Cholera Disease: Epidemiology, Signs and Symptoms, Control measures
Cholera disease is an acute notifiable infection of the gastrointestinal tract (GIT) disease of sudden and rapid onset, characterized by vomiting, profuse dehydration, severe diarrhea with rice-water stool and marked toxemia.
Meanwhile, muscular crumps, suppression of urine and shock occur later. Internationally its quarantine period is 5 days. The incubation period is from 1 to 7 days and varies from a few hours to 5 days but commonly lasts for 2days.
Epidemiology of Cholera
The Vibro cholera was discovered by Robert Koch in 1883 and is a delicate brain negative organism. The El-tor biotype is named after the Eltor quarantine station in Egypt where it was first isolated in 1920 and has been responsible for most epidemics in recent years.
Meanwhile, the classical type is limited to the Indo-Pakistan subcontinental. For the El-tor biotype, the first outbreak was originally found in Indonesia but has now assumed a pandemic spread. It has spread across Asia, Africa, into the meditation Europe, to the Gulf Coast of the USA.
Mode of Transmission
The infection spreads through contaminated water, food such as shellfish and drink. Eating and drinking utensils washed with contaminated water are vehicles for transmission of cholera.
Host Factors that Influence Cholera Disease
- Gastric Acidity; this is more common in persons with hypochlorhydria (a lower than normal amount of hydrochloric acid in the gastric juice)
- Dense Population or overcrowding is another factor that promotes cholera
- Poor personal and environmental sanitation are also contributory factors to its spread.
Signs and Symptoms
- There is an abrupt onset of vomiting and purging of large amounts of rice-water stools (up to 1 liter per hour)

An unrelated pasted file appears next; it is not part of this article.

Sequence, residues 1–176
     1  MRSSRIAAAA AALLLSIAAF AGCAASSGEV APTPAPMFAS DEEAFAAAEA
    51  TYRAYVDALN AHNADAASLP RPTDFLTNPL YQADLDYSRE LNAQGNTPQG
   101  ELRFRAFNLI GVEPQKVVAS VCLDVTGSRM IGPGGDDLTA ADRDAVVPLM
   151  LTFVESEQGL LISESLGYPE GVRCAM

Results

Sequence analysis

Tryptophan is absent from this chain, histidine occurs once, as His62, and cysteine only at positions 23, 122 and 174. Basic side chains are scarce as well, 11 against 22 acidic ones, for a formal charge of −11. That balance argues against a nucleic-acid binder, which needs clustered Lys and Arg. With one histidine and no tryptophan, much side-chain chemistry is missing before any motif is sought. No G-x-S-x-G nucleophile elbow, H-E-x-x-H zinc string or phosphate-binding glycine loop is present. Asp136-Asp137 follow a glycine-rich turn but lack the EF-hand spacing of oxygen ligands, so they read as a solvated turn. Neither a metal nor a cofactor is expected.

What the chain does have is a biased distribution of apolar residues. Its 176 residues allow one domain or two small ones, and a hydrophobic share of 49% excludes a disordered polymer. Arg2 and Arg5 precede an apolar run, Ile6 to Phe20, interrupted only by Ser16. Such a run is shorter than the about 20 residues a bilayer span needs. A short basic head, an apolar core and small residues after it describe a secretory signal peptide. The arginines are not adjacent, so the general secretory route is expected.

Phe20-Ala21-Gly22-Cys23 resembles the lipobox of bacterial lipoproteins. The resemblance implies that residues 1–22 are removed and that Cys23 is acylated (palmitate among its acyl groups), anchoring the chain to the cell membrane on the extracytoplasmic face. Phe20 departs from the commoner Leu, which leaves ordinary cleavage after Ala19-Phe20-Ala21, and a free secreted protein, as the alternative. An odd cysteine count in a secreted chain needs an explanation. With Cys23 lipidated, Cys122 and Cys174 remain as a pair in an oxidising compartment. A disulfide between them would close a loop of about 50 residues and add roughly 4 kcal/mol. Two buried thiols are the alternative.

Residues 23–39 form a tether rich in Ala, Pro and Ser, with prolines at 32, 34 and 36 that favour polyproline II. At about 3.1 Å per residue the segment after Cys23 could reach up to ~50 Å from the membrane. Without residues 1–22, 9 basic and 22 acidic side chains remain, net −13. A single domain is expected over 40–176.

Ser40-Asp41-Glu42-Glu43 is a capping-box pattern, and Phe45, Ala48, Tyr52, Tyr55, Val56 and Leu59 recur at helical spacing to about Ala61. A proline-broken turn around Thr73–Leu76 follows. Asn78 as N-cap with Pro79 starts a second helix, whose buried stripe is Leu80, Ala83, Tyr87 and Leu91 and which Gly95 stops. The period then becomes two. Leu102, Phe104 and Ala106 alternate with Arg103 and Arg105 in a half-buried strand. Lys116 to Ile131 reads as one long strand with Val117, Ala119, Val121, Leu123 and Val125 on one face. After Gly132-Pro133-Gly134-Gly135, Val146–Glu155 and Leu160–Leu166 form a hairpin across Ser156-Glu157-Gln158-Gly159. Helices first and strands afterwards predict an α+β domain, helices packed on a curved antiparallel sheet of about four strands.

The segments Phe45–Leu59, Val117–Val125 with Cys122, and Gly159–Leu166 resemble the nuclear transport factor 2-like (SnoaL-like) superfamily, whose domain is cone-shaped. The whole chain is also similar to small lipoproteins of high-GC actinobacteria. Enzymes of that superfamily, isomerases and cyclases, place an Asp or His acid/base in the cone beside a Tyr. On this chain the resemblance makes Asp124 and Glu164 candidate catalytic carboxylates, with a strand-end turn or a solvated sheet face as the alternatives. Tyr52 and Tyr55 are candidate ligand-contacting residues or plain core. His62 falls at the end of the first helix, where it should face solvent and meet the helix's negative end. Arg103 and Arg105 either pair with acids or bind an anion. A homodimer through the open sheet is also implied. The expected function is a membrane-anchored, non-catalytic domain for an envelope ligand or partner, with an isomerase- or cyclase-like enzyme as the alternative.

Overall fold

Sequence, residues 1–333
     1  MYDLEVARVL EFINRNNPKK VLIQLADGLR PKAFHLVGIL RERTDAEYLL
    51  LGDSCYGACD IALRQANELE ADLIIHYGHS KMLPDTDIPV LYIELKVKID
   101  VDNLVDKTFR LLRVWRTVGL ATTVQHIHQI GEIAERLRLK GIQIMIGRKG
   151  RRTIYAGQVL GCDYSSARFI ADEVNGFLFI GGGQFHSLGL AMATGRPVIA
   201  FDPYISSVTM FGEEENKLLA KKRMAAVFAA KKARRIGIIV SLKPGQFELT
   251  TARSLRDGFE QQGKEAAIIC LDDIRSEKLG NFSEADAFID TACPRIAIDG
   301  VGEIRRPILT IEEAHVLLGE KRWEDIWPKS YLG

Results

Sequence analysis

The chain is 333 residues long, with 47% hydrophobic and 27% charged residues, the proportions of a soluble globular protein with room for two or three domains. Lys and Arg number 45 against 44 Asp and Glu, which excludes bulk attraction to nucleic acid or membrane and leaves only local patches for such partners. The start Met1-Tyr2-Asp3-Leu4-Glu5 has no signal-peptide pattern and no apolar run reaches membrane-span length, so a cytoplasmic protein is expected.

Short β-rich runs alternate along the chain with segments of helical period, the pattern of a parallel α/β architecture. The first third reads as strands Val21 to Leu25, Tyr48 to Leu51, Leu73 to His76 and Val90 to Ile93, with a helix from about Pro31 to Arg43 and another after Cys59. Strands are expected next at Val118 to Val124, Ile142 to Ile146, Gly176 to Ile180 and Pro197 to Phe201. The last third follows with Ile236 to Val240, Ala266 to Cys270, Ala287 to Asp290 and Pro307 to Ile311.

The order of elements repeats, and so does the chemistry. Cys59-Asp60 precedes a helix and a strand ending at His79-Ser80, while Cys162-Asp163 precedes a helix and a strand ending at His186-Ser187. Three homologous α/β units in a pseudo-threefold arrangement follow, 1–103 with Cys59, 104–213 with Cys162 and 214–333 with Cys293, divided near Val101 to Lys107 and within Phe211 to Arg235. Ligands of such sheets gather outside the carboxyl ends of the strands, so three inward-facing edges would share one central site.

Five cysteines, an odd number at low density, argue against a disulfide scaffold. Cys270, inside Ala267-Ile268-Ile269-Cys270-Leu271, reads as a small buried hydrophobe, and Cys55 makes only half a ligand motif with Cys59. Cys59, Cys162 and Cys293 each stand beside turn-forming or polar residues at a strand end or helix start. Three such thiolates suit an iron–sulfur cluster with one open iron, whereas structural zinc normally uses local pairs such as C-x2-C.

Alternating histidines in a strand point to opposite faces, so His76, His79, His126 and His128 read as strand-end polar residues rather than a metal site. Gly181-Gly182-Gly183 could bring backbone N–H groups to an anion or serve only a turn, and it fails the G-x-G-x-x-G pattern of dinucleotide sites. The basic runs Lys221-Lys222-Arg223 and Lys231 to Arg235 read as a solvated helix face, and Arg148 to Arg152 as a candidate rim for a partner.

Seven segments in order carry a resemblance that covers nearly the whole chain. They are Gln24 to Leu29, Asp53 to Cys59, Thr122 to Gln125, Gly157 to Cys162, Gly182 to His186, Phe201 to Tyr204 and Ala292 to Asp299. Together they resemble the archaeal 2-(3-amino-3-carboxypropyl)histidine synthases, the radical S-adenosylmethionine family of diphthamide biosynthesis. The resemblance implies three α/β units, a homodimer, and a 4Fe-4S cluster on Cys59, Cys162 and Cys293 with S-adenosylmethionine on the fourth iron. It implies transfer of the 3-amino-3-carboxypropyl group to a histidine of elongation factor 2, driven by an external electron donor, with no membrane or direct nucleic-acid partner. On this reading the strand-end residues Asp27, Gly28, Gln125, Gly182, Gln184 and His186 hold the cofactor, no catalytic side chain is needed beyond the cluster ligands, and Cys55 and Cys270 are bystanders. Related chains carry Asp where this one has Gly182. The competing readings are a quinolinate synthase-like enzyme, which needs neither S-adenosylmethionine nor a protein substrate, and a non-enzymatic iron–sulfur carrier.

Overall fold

- Increased thirst due to excessive fluid loss
- Eyes and cheeks are sunken
- Urine output is reduced or stopped.
- Patients have muscular cramps
- Pulse is rapid and feeble
- The extremities are cold and blue.
Control measures of Cholera Disease
During epidemics, the clinical recognition of cases is relatively easy. Sporadic cases, however, can easily be missed and hence in endemic areas any case of severe gastroenteritis must be considered as cholera until the contrary is proved.
- Early detection, isolation, and notification of infected cases are very important.
- Surveillance or a search for the source of infection should be made and remedy given if discovered
- Concurrent disinfection of stools, fomites, houses, linens, and clothing should be done.
- Oral rehydration of patients is an early-emergency measure to save a life.
- Food sanitation should be enforced and public swimming pools closed during the epidemic.
- Control of immigration during an epidemic
- There should be designated places in camps and hospitals for treatment of cases
- People should boil water, eat only cooked foods and raise the standard of personal hygiene
- Dead bodies of cholera cases are wrapped in a sheet soaked in 2% Lysol before disposal by burying.
- Health education should focus on proper personal and domestic hygiene, including measures to take during an outbreak of cholera and how to prepare and use salt sugar solution (SSS)
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